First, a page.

“All of your future goals and dreams are not only a reflection of your subconscious thinking, they are also mediated by your Reticular Activating System (RAS). The RAS is the part of your brain that serves as a filter between your conscious mind and your subconscious mind. The RAS, which is located in the core of your brain stem, takes instructions from your conscious mind, and passes them on to your subconscious mind.”Quote from the NLP Institute of California
Here is a short video by Mel Robbins on the RAS:
#4 – Meditation. I recently started meditating, and at the time of writing I can’t verify how much it’s benefiting me, but I have noticed that I’ve been a lot more productive in recent months.
Meditation for writers can be extremely effective, so give it a try if you haven’t yet!
The Super Important External Factor
Sticking to your writing schedule relies on the external factor, which is physically writing.
Once you’re internal strength gains momentum, you need to channel some of that positive energy to commit to actually writing.
The act of sitting down and writing is what I describe as the external factor. It can be tough for anyone, even seasoned writers, but once your internal strength is built, it will be easier to actually commit to the act.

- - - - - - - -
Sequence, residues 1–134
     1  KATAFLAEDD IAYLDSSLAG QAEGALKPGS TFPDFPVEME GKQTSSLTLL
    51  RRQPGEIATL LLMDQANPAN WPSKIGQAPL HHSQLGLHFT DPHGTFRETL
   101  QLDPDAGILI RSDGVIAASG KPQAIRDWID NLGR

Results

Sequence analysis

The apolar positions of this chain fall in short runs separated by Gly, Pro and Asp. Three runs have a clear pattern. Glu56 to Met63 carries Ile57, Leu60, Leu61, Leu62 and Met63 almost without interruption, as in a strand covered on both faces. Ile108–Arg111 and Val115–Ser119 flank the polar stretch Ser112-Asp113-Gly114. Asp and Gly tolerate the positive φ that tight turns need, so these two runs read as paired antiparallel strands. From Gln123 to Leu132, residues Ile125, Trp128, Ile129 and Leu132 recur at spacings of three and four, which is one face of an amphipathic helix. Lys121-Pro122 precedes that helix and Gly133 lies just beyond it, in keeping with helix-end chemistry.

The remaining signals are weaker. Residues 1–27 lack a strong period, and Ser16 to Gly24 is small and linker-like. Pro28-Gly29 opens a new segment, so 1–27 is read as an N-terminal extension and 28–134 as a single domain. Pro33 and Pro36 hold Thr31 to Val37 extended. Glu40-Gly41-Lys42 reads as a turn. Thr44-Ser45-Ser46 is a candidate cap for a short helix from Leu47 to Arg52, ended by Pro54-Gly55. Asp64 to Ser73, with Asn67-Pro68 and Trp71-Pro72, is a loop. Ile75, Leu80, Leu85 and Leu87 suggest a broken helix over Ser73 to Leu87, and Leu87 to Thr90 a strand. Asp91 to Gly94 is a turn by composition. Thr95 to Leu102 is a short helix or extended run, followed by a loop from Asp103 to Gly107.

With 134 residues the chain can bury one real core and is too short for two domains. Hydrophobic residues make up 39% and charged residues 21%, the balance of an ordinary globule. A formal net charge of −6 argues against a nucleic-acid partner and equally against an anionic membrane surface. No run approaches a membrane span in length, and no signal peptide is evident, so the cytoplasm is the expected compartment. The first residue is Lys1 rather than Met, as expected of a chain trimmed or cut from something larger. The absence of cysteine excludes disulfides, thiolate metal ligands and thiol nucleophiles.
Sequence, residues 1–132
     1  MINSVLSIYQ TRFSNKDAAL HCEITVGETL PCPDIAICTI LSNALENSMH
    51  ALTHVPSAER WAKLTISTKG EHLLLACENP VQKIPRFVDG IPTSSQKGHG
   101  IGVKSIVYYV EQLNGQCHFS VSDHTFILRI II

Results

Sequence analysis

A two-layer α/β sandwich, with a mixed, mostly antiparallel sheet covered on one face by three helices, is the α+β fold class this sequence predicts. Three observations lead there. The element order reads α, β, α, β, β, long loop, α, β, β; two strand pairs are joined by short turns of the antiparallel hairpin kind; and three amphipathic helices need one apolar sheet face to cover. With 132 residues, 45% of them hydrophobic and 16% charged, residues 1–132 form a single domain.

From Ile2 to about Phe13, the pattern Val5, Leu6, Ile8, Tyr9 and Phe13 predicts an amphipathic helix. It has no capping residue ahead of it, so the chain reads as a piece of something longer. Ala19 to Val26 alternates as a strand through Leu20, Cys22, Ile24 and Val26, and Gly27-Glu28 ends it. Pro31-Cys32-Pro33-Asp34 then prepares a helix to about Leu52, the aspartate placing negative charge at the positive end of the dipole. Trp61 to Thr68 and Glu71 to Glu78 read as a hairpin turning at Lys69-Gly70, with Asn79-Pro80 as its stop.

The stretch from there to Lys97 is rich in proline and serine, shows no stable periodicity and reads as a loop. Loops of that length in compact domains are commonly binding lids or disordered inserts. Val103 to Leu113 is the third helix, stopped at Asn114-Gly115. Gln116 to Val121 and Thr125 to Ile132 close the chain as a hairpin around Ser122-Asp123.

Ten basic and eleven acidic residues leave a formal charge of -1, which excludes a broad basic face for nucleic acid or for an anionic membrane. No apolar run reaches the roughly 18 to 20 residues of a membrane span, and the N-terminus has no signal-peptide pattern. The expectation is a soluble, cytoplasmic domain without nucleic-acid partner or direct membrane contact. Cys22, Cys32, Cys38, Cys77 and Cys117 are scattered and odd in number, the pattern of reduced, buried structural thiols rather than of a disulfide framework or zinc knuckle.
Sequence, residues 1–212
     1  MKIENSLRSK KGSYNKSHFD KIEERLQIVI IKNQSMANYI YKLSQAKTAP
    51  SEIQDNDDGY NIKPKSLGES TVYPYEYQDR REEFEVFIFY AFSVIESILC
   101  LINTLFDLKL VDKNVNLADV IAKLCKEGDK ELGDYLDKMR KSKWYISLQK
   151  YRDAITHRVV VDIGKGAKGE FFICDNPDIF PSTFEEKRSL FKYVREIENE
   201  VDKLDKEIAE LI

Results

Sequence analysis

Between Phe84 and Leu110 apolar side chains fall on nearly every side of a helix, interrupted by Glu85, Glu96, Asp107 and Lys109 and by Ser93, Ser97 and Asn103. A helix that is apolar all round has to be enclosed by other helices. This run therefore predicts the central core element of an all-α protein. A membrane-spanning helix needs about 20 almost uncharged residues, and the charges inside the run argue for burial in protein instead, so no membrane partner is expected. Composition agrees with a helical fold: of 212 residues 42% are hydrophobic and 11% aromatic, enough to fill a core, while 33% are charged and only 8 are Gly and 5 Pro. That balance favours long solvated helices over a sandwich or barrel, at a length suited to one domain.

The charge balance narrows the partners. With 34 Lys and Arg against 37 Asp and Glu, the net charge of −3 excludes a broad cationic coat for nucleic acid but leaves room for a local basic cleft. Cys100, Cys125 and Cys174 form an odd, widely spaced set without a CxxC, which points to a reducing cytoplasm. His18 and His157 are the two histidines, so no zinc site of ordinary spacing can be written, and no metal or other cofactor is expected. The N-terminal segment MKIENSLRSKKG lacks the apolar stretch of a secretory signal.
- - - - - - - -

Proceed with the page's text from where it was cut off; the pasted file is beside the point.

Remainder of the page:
We’ve all dropped the ball on the external factor when it comes to our writing schedule. The hard part about writing is actually writing.
Imagine this: You have the house all to yourself, which means you can get some writing done. You get your coffee ready, sit down at the table, and open up your laptop to your manuscript. You sit there waiting for the words to flow out of you, staring at the screen. Your mind trails away from the task at hand, and before you know it, you’ve wasted half an hour searching the web and – you guessed it – not writing.
It’s a scene many writers all know too well. And there’s really nothing to it: Your book will not write itself. You will actually need to write it. All of it!